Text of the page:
This June, MIT Technology Review’s EmTech Digital (formerly Digital Summit) brings a global examination of the most significant technologies and trends of the digital era to San Francisco. Our live events include you in our conversations with the individuals and organizations at the heart of the most significant developments of the year.
MIT Technology Review has just released the 10 Breakthrough Technologies list for 2015. Today, I wanted to highlight some of the EmTech Digital speakers whose work has been honored on that popular annual list.
We’ll hear from three key executives at the helm of Magic Leap. This visionary team will share unprecedented insights into their work on a device that can make virtual objects appear in real life:
- Rony Abovitz, founder, president and CEO
- Graeme Devine, chief creative officer, SVP games, apps, & CR experiences
- Neal Stephenson, chief futurist
In addition we’ll hear about Google’s Project Loon, an effort to deliver wireless Internet from the sky via balloons. The hope is that educational and economic opportunities will be expanded for the 4.3 billion people around the world who remain offline. The head of Project Loon, Mike Cassidy, will update us on the project’s progress.
You can visit the event website for a full update on the speakers that have already been announced.
Please make plans to join us at EmTech Digital from June 1-2, 2015, in San Francisco. Watch the event website for more program updates, and follow us on Twitter and Facebook for up-to-the-minute news.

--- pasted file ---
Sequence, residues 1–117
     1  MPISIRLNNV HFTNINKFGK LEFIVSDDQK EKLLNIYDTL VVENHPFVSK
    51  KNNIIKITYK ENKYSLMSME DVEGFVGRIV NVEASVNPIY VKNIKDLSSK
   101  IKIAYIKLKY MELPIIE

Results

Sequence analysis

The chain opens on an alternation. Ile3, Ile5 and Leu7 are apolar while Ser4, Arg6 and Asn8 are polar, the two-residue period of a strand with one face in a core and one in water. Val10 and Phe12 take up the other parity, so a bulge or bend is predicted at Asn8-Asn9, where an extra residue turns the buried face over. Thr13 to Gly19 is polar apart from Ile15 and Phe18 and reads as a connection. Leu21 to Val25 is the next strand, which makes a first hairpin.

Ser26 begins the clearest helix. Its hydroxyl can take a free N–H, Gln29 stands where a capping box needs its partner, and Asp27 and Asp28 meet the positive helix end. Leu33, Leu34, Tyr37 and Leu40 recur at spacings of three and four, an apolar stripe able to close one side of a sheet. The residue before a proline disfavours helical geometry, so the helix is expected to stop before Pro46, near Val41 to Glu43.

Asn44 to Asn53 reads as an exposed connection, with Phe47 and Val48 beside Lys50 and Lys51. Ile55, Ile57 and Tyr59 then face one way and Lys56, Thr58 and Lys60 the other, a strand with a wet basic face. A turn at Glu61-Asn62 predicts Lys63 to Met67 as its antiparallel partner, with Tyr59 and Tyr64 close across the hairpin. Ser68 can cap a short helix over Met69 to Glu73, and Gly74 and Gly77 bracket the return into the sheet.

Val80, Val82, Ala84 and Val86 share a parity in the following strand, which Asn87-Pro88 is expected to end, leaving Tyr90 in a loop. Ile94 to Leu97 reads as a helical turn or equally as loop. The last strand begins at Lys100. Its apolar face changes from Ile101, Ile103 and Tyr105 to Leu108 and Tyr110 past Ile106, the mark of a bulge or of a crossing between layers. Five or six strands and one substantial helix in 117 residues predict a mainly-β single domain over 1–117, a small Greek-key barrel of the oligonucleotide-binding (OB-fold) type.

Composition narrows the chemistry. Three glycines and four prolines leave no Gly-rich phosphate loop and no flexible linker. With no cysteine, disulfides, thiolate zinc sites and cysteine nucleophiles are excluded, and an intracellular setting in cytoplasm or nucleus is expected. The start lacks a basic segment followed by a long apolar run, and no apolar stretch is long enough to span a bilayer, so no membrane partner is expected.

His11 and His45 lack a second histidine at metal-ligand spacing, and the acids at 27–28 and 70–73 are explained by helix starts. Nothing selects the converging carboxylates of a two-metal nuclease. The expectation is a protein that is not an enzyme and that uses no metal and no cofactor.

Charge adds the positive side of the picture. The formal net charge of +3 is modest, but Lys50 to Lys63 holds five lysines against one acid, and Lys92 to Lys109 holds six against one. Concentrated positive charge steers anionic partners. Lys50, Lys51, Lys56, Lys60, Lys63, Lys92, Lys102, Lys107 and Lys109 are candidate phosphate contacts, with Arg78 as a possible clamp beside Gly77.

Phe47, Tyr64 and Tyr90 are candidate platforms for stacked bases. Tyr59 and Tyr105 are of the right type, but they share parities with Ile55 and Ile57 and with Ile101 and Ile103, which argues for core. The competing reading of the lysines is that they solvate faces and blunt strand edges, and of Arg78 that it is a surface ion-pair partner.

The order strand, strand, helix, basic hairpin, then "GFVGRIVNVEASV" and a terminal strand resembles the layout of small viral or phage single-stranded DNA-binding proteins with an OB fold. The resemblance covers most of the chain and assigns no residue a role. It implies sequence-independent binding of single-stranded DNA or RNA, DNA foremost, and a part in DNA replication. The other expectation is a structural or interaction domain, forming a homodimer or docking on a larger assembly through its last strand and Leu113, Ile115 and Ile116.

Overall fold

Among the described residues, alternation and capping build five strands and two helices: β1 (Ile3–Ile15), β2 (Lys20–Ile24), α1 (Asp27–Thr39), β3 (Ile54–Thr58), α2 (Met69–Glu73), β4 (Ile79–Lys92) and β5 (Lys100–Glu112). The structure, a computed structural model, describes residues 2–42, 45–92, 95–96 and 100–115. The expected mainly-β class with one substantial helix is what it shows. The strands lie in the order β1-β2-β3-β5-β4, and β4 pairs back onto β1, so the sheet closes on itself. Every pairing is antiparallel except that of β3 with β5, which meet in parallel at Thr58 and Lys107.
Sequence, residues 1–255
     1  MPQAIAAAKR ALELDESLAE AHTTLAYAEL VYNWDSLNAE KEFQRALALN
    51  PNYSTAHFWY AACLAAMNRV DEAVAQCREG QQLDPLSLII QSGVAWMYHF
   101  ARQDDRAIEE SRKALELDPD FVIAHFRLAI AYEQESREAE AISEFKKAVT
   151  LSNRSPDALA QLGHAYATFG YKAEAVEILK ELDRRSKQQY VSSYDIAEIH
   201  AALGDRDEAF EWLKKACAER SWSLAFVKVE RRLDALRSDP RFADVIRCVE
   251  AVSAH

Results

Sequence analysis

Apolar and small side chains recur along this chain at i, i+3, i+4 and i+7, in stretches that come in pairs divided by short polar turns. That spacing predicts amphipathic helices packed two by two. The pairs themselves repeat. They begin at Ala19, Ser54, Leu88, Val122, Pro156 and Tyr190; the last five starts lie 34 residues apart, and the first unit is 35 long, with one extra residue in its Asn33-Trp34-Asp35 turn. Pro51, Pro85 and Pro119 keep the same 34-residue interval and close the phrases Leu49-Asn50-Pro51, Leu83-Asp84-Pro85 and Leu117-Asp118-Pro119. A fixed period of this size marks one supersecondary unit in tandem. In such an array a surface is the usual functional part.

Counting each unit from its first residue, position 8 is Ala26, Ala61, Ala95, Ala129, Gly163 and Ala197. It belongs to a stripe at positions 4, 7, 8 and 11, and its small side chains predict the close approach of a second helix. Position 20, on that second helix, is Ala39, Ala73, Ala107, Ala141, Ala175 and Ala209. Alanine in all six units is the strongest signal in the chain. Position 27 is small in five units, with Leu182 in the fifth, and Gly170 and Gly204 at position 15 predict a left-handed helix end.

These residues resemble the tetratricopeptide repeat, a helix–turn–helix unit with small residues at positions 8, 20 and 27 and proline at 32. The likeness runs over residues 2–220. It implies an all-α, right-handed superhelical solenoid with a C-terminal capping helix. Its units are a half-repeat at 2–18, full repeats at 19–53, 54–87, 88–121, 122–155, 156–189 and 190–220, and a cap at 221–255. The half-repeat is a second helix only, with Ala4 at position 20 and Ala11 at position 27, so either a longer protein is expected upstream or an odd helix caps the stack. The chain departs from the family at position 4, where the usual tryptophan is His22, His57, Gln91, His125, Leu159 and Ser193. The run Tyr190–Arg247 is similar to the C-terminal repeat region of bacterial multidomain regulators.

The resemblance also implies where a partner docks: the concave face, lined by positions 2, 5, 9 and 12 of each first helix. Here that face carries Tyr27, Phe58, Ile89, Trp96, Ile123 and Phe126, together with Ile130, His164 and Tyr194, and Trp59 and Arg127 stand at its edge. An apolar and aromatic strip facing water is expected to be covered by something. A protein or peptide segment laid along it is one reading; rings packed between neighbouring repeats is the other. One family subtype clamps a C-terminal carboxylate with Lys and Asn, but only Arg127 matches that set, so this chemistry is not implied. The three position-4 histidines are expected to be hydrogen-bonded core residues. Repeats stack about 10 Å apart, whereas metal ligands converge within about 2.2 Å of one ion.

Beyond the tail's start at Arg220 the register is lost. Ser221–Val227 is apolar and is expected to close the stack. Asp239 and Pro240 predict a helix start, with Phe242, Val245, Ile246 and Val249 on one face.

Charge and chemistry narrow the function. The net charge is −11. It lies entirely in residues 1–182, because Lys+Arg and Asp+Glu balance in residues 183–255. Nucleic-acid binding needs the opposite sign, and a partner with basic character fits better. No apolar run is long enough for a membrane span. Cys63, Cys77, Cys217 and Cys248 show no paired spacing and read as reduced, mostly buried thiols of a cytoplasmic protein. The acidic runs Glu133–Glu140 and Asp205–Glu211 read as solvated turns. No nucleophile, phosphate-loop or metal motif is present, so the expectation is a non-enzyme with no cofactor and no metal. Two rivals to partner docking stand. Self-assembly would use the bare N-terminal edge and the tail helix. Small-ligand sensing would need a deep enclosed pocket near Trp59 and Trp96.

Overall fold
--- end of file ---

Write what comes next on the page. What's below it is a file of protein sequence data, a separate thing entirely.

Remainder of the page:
This startup wants to copy you into an embryo for organ harvesting
With plans to create realistic synthetic embryos, grown in jars, Renewal Bio is on a journey to the horizon of science and ethics.
VR is as good as psychedelics at helping people reach transcendence
On key metrics, a VR experience elicited a response indistinguishable from subjects who took medium doses of LSD or magic mushrooms.
This artist is dominating AI-generated art. And he’s not happy about it.
Greg Rutkowski is a more popular prompt than Picasso.
This nanoparticle could be the key to a universal covid vaccine
Ending the covid pandemic might well require a vaccine that protects against any new strains. Researchers may have found a strategy that will work.
Get the latest updates from
MIT Technology Review
Discover special offers, top stories, upcoming events, and more.